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This story originally appeared in the July 2015 issue of our print edition.
A lot of climbers believe height can be an advantage. How do you feel being extremely tiny affects your climbing?
Alex Legos: I have to select climbs that suit my style of climbing, meaning lots of hard moves close together on tiny holds. You would think being 11 years old I would have a lot more to grow, but somehow I don’t think that is going to happen.
What about your hands? They look like they’d be well-suited for pinches, but your lack of fingers seems like it could make slopers and crimps a challenge.
My hands are more suited to pinches and tufas, but I can still crimp and hang off slopers. I’m also really good at dynoing. I’m not really good on mono pockets so a climb like Action Directe (5.14d) would be impossible for me.
What was it like meeting Alex Megos? Is it safe to say that, beyond sharing similar names, he’s been a bit of an inspiration for you?
There are a few climbers who inspire me. The likes of Alex Megos, Dean Potter, and Alex Honnold to name a few. Meeting Alex Megos was definitely a highlight; he was a really nice guy and inspiring to watch climb. I also hope to meet Alex Honnold someday.
How has your life changed since becoming a sponsored athlete?
My life hasn’t changed that much. I still get out and play with my friends, go to school, and do all the fun things like ride skateboards, bikes, motorbikes, and sometimes even go horseback riding. However, most of my focus goes into climbing. I would like to thank my sponsors Kletter Retter and Moja Gear for seeing the potential in me. Looking forward to working with any future sponsors as well.
Anything else you’d like to say to our readers?
Just get out and enjoy climbing at whatever level you are at. It’s an amazing sport, and I hope I’m an ambassador to all the young kids out there.
Who is the man behind the Lego man?
Brendan Zyp: Brendan Zyp from Mount Victoria, NSW Australia—a two-minute walk from the closest crag.
Tell us a little bit about your climbing background. I assume you climb, right?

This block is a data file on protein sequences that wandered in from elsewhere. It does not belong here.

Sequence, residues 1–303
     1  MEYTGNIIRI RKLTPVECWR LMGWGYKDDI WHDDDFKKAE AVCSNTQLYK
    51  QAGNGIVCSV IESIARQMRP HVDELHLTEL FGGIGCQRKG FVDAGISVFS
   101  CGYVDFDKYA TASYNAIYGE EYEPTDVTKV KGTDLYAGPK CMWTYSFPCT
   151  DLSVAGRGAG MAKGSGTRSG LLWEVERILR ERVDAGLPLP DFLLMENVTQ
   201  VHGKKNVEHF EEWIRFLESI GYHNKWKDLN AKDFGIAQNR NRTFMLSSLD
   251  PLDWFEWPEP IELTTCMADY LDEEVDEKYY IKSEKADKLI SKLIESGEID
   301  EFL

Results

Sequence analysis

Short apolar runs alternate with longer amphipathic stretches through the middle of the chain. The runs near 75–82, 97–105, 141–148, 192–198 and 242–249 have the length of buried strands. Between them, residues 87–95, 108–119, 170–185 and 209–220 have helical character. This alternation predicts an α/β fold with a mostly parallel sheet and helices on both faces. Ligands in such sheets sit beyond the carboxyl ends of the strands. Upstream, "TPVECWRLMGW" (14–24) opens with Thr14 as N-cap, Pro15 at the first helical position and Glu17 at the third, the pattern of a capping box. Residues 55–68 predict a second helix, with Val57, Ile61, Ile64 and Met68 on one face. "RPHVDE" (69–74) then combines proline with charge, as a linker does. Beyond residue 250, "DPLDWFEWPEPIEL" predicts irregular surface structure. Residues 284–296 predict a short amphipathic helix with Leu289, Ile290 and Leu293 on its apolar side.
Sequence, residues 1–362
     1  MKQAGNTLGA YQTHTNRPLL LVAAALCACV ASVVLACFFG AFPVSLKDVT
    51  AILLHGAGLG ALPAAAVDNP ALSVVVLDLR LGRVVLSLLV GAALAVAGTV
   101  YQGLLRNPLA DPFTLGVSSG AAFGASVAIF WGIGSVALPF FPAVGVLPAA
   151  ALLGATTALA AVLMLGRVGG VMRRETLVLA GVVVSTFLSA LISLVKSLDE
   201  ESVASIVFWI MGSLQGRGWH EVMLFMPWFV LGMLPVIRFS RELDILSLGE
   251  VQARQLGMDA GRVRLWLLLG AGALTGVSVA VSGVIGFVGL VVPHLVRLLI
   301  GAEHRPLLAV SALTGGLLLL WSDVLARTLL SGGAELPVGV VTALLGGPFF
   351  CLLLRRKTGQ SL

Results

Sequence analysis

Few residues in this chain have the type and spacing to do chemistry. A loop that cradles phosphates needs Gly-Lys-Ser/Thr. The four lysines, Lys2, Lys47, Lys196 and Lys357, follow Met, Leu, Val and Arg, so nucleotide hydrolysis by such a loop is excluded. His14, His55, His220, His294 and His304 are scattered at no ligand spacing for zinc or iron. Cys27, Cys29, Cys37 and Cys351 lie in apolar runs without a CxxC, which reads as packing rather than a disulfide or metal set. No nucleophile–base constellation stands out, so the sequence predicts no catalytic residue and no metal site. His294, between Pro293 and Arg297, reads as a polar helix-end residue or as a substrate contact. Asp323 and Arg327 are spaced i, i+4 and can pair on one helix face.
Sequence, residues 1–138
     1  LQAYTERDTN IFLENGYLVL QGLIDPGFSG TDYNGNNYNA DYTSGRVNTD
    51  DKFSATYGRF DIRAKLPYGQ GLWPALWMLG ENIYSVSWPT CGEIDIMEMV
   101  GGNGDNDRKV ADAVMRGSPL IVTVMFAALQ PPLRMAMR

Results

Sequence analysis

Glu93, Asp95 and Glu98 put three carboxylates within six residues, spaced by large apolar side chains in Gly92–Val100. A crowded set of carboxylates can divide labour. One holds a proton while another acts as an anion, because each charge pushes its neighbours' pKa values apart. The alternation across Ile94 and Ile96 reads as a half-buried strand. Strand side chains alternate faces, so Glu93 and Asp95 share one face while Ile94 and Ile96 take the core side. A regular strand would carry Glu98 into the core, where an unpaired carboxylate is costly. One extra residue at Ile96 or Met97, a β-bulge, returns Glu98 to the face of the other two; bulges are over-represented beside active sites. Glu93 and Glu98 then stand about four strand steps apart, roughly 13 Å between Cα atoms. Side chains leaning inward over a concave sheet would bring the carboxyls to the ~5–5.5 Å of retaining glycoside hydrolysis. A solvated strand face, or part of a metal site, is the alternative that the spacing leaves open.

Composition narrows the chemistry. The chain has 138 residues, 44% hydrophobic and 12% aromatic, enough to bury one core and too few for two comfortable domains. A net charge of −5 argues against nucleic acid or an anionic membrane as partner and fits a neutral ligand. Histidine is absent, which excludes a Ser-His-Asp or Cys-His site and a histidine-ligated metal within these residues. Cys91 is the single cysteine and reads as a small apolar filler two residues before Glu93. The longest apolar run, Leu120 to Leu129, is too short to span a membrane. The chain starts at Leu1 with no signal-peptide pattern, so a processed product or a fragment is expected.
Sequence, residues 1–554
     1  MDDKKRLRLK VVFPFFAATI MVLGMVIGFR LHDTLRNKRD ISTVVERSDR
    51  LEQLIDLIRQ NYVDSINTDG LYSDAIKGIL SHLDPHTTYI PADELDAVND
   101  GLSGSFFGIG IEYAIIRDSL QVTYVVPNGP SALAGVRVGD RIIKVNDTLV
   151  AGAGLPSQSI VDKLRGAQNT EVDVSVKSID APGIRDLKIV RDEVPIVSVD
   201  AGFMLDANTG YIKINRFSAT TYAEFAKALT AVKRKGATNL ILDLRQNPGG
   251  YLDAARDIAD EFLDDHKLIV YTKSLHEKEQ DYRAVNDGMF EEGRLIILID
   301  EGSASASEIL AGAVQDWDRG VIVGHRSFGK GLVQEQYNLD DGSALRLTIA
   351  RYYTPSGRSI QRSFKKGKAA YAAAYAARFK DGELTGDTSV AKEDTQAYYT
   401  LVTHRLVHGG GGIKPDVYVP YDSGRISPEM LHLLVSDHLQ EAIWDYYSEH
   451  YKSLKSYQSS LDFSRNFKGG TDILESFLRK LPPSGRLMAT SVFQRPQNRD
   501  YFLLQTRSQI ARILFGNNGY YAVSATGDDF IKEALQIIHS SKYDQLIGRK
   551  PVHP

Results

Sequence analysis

I have been climbing now for 25 years. In that time, I have been lucky enough to travel to many climbing destinations both in America and Europe, Yosemite being my all-time favorite climbing destination. I enjoy every type of climbing: bouldering, ice climbing, mountaineering, and most of all, the local trad and sport on nearby sandstone cliffs. Some of the places I have been are reflected in the images.
How did Alex Legos come about?
I’ve always wanted to photograph a rock climber silhouetted against an amazing sunset. Unfortunately I couldn’t find anyone to climb when the setting sun and sky looked amazing. I quickly grabbed a Lego figurine, thinking, “That will do.” And that’s how Alex Legos came about.
Describe the process of creating one of these photos.
I either set up Alex in a mini studio indoors, outdoors when the conditions are perfect, or when I’m out climbing I’ll take photos of him. I’m lucky to live with amazing scenery and climbing minutes from home. The biggest challenge is coming up with an idea. The photo process can take as little as five minutes or up to an hour.
How did the Alex Megos meeting happen?
Alex Megos was on a climbing holiday in the Blue Mountains where I live. Through a mutual friend we managed to connect on social media. Alex Megos was excited to meet Alex Legos, and it was just a matter of meeting up for a climb together after that.
Was it a surprise how quickly Alex Legos caught on?
It was a huge surprise. Knowing that it entertains so many people inspires me to keep it fun and interesting.